Economists have long used 1920s Germany as the classic example of what can happen to a nation when monetary inflation gets out of control. So rapid was the inflation of the money supply that the exchange rate went from 60 marks per U.S. dollar during the first half of 1921 to 8,000 marks per dollar by December 1922.
All of the feigned outrage in Washington over the millions that AIG has been doling out in bonus payments, and the tens of billions in bailout monies that it sent directly to major creditors, fails to impress. Beyond the smokescreen of How-dare-they’s, emanating from Republican congressmen and the Obama administration alike, loom larger questions which no one seems willing to ask: how dare our elected leaders give almost $200 billion taxpayers’ dollars to AIG in the first place? And how dare they presume to nationalize a private company like some two-bit cadre of Marxist putschists?
President Barack Obama has just recently released his $3.55 trillion fiscal 2010 budget, and already there's full employment among all the people who matter to officials in Washington, D.C. A front-page story for the March 2 Washington Post began: "President Obama's budget is so ambitious, with vast new spending on health care, energy independence, education and services for veterans, that experts say he probably will need to hire tens of thousands of new federal government workers to realize his goals."
If the talk at the G20 gathering in England is any indication, the hard-beset global economy is stuck between the devil and the deep blue sea. From the American perspective, as articulated by Treasury Secretary Timothy Geithner, what the global economy needs is the same sort of placebo the American government has been administering domestically, to the delight of the ruling classes but the muffled dismay of the middle-class tax base: more stimulus spending.
Chinese Premier Wen Jiabao’s remark that he was “worried” about the $1 trillion in U.S. debt he was holding caused such a chill down the spine of world financial analysts that even the White House felt forced to respond immediately. “There’s no safer investment in the world than in the United States,” White House Press Secretary Robert Gibbs shot back that same day.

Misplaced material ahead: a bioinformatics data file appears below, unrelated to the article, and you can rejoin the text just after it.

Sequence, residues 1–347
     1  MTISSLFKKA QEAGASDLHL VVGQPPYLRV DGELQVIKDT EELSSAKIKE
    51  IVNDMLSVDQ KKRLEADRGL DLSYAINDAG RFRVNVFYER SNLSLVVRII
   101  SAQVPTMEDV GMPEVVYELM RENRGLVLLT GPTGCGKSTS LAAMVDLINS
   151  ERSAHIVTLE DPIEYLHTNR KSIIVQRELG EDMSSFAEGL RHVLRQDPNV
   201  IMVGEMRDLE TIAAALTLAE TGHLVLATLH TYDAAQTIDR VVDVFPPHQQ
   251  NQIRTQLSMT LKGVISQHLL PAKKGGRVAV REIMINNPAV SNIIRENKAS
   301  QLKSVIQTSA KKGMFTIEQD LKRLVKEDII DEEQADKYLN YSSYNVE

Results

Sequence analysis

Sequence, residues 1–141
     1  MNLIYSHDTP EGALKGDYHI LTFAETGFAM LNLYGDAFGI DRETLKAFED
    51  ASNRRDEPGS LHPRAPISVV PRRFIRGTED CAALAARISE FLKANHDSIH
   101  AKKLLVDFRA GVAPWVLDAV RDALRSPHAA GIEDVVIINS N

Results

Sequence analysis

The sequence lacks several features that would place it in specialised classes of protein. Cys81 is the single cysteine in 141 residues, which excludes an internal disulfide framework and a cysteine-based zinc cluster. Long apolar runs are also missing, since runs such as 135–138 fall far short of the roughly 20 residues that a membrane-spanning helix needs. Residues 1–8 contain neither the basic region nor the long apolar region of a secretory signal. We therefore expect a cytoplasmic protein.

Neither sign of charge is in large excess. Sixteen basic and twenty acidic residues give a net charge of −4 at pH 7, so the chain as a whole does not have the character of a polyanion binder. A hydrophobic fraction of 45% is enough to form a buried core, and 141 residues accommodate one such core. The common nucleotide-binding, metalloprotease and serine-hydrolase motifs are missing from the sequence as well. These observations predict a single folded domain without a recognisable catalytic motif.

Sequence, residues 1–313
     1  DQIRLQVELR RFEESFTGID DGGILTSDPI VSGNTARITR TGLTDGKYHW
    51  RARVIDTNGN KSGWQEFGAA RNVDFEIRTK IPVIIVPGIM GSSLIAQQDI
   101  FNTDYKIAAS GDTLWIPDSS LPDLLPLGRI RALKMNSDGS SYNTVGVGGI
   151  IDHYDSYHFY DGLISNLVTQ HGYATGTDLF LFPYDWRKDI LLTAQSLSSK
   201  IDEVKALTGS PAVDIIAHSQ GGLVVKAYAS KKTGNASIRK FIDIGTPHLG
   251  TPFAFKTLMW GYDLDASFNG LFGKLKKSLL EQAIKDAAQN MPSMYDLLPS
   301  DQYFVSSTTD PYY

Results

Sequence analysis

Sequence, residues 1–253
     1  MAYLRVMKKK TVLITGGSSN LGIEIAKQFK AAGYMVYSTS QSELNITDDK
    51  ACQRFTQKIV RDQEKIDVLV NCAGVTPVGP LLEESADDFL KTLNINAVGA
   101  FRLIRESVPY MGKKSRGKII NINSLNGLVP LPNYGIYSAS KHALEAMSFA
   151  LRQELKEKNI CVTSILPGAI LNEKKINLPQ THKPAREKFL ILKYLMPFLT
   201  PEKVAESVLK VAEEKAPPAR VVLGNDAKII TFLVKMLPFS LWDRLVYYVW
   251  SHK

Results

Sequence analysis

H. Ross Perot used to talk about a “giant sucking sound” in the economy more than a decade ago. Back then, he talked about the North American Free Trade Agreement (NAFTA) taking American jobs away. But now the “giant sucking sound” is the sound of federal debt issuances draining money out of the private sector, where it's needed to finance the recovery.
Official Washington is an a tizzy over new revelations, courtesy of the Wall Street Journal and dutifully amplified by other news outlets, that as much as $50 billion of bailout money sent to ailing mega-insurer AIG was funneled to at least two dozen U.S. and European banks.
With the passage of the $787 billion Obama-Democratic Congress stimulus bill, the die has been cast for America's economic future. This, the largest appropriations bill ever passed by Congress, is being variously criticized and applauded from all sides.
Down, down, down goes the Dow (and all the other stock indexes), and how much further the markets are likely to fall before the recession bottoms out is becoming an increasingly vexed question. The Dow is now well below 7,000 for the first time in 12 years, and bearish market analysts are now wondering: is Dow 5,000 a reasonable expectation? 4,000? Or lower still?
“The only way to fully restore America’s economic strength is to make long-term investments that will lead to new jobs, new industries, and a renewed ability to compete with the rest of the world,” said President Barack Obama in his Address to the Joint Session of Congress on Tuesday, February 24, 2009.